LIANE HANSEN, host:
Three decades have passed since China's then leader Dong Xiaoping decreed to get rich is glorious. Many Chinese have responded with enthusiasm. China now has an estimated half a million U.S. dollar millionaires, some of whom have been congregating at a millionaires fair in Shanghai. NPR's Louisa Lim snuck in to see what Chinas wealthiest people do for fun.
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LOUISA LIM reporting:
Jazz tinkles as some of China's super-rich sashay beneath the crystal chandeliers. The men are in black tie, many clamping enormous cigars between their lips, the women in evening dress, dripping jewels. It's all about show.
Unidentified Man #1: These are the - well, the new wealthy people in China, who are looking for another challenge, another way of spending their money.
LIM: Ito Knowle(ph) is hoping to sell two or three luxury yachts at the fair. At $4 million each, they're a pricey status symbol for your newly-minted Chinese millionaire.
Mr. ITO KNOWLES (Yacht Salesman): He wants to show other people that he has arrived, but he has already two or three houses. He has many cars already. The only thing he can go do is yachting.
LIM: It's where an average millionaire can fulfill all their desires. It's where you can pick up a swanky car, like a Porsche, a Jaguar, or maybe even a Spyker, which is James Bond-like car with doors that open upwards like wings. It's also where you come to pick up a few diamonds or maybe buy a plasma screen TV big enough to cover one entire wall. It's an absolute orgy of conspicuous consumption.
As a sales woman shows her diamond rings, Yang Way(ph) is having the time of her life. She's wearing a sea-blue satin gown. Her earrings are long, glittering diamond loops. Her millions come from her husband's property business and his chain of budget hotels. And she's busy of finding new ways of spending her wealth.
Ms. YANG WAY (Attendee, Millionaire's Fair): (Through translator): I think the fair is so beautiful. All the things they're showing are exquisite and very fashionable. I'd like to buy everything here.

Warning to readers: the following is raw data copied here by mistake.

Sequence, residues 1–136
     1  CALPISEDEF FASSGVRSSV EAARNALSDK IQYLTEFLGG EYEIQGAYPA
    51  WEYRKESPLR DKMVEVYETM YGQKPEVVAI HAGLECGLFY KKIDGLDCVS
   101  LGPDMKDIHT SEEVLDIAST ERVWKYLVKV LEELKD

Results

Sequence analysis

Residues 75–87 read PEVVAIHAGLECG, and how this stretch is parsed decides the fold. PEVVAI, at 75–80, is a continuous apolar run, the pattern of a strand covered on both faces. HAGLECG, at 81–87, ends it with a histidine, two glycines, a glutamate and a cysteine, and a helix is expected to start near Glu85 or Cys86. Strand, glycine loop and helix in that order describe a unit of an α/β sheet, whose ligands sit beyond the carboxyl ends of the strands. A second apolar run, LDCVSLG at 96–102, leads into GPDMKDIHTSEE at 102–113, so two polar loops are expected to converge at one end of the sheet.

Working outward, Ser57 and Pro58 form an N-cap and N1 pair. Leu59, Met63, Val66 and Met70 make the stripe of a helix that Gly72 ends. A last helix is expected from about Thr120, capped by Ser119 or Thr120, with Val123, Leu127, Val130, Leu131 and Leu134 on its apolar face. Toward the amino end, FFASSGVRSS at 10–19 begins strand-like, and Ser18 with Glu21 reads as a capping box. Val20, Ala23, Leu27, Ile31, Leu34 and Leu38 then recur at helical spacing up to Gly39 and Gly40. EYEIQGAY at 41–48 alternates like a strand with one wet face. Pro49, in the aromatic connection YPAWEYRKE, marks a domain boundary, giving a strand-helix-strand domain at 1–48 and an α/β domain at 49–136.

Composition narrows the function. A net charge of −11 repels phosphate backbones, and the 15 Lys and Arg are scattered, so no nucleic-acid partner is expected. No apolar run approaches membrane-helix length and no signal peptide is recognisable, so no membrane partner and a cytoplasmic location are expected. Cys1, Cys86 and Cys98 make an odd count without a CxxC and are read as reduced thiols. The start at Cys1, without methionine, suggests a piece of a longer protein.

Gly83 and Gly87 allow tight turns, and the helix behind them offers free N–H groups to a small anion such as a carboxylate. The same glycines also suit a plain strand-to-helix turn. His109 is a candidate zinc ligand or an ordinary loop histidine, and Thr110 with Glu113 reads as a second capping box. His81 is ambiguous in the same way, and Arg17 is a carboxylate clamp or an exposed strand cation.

LIM: It's a sign that China's millionaires are now out and proud. It's a far cry from a few years back, when no one wanted to admit to being rich, fearing unwelcome attention from the taxman, among others. Rupert Hoogewerf compiles annual list of the richest people in China, and he says bling is in.
Mr. RUPERT HOOGEWERF: The image of wealth in China is changing very dramatically. I mean, I think seven, eight years ago people would be quite frightened to be seen, to be in public at a fair such as the Millionaire Fair. But today, you know, I think, you know, people are a lot more confident because they've not got 20,000, they're paying all of their taxes, their money is relatively clean now, at least it's above aboard. What's there to worry about? The next step is to learn how to spend it properly.
LIM: And for the millionaire who really does have everything, there's even a chance to buy a whirlpool bath plated with 24-carat gold. I asked JJ Lee(ph), who's in charge of sales, just how flush you need to be to buy a gold Jacuzzi.
Mr. JJ LEE (Director of Sales, Millionaire's Fair): ...$33,000.
LIM: $33,000? Now I have to ask, I can see over there, you're selling a gold-plated toilet...
Mr. LEE: Yes.
LIM: How much is that going to cost me?
Mr. LEE: That's $5,500.
LIM: And why would anybody buy a gold-plated toilet? What does it say to the world?
Mr. LEE: Because people around here, they thought it's not that expensive, so why not?
LIM: Some might find it slightly obscene, selling gold toilets in a country that's home to 1/5th of the world's poor. But that's not how the fair's organizers see it. They say selling even one gold toilet generates jobs and in the long run spreads the wealth. But as they mingle and drink champagne, alleviating poverty doesn't seem to be a priority for Shanghai's super wealthy tonight. They seem more than happy to just grin and flaunt it. Louisa Lim, NPR News, Shanghai.
HANSEN: This is WEEKEND EDITION from NPR News.
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